SALEM — Let’s start with a multiple-choice question: What person and organization don’t go together?
1. Lance Armstrong and the Drug Free America Foundation.
2. Sarah Palin and Occupy Wall Street.
3. “Jimmy the Greek” and Salem State University.
Although the first two aren’t matches, Salem State and a famous Las Vegas oddsmaker do have something in common. The local university not only offers courses on the casino industry, it is hoping to do business with the Massachusetts Gaming Commission.
The Center for Economic Development and Sustainability at Salem State has submitted a bid to do a research project for the new state commission, which has been given the task of approving three resort casinos in Massachusetts.
In fact, the executive director of the Salem State center was in Las Vegas this winter to interview faculty at the University of Nevada, Las Vegas, which has a long history with the casino industry, and to talk with executives at the Caesars and Bellagio resorts.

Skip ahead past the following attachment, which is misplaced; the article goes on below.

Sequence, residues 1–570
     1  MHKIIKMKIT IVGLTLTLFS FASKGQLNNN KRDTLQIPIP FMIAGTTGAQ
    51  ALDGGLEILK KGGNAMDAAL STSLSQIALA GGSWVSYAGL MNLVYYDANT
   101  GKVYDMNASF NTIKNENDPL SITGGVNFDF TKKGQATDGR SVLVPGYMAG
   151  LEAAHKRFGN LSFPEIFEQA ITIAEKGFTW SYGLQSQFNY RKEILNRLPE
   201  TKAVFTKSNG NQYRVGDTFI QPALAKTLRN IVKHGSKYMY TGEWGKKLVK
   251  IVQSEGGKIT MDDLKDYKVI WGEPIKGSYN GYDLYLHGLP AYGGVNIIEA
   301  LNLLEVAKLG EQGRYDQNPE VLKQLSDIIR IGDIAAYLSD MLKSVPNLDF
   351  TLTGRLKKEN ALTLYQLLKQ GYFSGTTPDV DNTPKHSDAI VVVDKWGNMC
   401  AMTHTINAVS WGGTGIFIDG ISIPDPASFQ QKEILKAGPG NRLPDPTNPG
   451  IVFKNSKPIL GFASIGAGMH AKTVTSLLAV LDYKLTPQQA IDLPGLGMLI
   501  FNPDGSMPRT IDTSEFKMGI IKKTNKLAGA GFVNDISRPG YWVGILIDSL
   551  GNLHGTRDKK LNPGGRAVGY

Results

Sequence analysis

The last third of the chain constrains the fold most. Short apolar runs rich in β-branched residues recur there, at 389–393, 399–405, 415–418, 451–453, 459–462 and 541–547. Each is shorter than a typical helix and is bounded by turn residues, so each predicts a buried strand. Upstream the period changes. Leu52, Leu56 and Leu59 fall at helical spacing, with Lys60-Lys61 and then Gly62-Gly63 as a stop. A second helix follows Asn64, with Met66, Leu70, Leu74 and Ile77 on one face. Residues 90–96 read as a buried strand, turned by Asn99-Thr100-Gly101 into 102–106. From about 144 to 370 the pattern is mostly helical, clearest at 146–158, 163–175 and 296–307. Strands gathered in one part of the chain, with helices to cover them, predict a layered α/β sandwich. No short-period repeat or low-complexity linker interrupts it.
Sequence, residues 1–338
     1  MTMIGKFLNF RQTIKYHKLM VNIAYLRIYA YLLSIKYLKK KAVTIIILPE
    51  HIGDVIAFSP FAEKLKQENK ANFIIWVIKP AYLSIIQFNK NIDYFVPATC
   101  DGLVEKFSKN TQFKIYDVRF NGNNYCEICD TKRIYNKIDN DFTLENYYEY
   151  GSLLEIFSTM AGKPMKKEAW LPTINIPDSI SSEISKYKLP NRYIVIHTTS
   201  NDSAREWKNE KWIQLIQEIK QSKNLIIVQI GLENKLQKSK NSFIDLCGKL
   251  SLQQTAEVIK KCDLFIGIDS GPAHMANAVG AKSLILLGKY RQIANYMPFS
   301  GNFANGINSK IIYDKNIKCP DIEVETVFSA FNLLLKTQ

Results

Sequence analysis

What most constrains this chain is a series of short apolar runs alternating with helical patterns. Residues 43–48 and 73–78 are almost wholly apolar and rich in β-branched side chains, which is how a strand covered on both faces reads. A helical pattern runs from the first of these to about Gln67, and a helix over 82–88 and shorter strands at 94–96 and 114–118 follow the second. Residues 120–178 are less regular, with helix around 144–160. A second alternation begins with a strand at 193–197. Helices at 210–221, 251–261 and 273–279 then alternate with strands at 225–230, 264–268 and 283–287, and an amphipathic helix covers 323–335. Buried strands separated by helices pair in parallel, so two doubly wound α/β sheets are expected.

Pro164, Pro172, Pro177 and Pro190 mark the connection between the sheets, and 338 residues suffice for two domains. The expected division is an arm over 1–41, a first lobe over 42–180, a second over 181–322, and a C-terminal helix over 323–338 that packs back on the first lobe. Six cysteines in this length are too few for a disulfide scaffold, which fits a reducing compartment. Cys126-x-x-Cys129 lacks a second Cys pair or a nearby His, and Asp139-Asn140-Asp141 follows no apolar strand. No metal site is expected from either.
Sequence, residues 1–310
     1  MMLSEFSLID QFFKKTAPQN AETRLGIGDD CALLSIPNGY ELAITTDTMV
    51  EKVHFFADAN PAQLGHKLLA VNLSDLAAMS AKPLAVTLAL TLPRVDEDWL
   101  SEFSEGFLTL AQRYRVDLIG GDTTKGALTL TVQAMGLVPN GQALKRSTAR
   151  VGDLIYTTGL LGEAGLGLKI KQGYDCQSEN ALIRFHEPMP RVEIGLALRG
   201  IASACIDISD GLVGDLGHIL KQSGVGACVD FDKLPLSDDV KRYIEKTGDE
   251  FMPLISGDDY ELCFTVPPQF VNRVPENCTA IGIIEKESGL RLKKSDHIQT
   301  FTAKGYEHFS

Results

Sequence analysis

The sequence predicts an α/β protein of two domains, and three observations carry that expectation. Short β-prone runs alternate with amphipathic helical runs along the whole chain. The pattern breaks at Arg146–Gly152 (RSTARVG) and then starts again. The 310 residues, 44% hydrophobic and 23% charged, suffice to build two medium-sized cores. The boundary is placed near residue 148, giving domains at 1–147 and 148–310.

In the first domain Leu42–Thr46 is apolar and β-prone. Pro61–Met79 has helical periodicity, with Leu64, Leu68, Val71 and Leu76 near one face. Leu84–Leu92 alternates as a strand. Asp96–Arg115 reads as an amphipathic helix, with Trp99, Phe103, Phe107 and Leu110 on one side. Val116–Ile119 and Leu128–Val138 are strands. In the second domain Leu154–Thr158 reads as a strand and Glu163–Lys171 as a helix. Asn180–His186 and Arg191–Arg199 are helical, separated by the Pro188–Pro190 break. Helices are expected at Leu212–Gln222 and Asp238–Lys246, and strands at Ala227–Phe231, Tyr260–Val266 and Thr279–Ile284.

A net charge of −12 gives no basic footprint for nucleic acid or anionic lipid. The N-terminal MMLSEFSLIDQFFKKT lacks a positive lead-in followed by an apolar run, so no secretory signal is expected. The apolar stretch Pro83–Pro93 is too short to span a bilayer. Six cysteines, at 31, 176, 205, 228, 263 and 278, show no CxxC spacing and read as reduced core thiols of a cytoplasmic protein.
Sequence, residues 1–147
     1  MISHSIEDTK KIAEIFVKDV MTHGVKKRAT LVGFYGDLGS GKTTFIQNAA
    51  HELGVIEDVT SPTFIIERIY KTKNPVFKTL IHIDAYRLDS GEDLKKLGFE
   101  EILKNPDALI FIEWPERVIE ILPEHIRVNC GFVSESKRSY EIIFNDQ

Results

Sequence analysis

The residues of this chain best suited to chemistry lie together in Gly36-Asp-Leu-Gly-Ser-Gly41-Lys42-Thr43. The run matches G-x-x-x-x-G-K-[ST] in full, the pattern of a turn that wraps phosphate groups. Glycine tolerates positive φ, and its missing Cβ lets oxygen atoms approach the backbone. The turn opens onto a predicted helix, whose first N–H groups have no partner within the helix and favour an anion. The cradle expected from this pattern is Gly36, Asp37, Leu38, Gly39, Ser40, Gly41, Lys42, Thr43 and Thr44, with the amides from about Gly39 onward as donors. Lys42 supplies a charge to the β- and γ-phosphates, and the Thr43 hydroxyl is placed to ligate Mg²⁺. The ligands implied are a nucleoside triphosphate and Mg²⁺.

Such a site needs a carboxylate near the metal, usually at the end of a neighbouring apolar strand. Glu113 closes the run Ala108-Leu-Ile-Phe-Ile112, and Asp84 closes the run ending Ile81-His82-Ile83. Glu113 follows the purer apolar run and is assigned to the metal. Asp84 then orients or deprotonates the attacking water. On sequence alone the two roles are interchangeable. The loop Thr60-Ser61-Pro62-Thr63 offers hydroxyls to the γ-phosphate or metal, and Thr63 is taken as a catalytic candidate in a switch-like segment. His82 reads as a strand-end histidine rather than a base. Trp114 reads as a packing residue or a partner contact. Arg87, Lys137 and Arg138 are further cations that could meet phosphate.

“From a purely academic standpoint, I’m interested in what will be the impacts,” said Lorri Krebs, an associate professor of geography at Salem State and head of the faculty research center.
The state Gaming Commission is also interested in the subject, which is why it put out a request for proposals to research the economic and social impacts that casino gambling could have in Massachusetts.
In addition to Krebs, the Salem State proposal was written by a half-dozen faculty members from different disciplines at the university.
The team includes Jennifer Robinson, an assistant professor of criminal justice; Elizabeth Duclos-Orsello, an associate professor of interdisciplinary studies; William Hamilton and Keith Ratner from the geography department; Duncan LaBay, associate dean of the business school; and Mindy Jeon, an assistant professor in business.
They propose examining economic development opportunities, jobs, crime, transportation, problem gambling and a variety of community impacts.